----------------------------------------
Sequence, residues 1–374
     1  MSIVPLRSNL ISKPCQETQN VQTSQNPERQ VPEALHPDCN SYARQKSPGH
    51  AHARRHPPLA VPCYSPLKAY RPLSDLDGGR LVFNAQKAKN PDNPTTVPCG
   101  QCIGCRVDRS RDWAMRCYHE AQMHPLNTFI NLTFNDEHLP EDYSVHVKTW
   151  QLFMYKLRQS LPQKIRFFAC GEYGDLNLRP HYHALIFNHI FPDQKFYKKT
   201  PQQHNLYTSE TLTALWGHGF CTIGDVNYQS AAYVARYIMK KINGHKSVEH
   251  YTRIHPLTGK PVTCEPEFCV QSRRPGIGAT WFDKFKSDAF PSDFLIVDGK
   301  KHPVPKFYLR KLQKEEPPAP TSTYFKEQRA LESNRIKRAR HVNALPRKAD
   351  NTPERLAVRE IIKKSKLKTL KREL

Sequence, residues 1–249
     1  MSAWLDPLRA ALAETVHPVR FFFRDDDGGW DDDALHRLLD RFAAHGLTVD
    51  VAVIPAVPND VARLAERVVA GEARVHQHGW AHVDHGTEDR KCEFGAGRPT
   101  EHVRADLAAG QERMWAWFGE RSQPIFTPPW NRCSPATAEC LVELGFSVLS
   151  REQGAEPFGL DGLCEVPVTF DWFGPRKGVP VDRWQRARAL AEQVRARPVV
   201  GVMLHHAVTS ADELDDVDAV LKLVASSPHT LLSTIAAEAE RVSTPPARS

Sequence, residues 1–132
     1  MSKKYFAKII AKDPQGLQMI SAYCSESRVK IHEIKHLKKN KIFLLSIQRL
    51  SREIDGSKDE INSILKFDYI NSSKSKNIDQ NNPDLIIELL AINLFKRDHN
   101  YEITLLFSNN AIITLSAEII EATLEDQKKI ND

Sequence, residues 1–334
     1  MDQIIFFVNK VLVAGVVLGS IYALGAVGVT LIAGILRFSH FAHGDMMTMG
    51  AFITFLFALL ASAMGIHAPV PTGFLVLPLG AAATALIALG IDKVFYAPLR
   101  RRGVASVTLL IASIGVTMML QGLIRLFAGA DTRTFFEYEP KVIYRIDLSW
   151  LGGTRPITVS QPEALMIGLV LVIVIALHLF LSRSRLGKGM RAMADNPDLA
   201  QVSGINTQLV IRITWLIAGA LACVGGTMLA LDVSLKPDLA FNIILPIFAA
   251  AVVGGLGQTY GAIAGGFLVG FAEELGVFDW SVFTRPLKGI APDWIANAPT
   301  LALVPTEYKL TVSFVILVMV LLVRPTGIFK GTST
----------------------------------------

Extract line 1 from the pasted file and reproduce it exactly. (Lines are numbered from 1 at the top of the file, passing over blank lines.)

Sequence, residues 1–374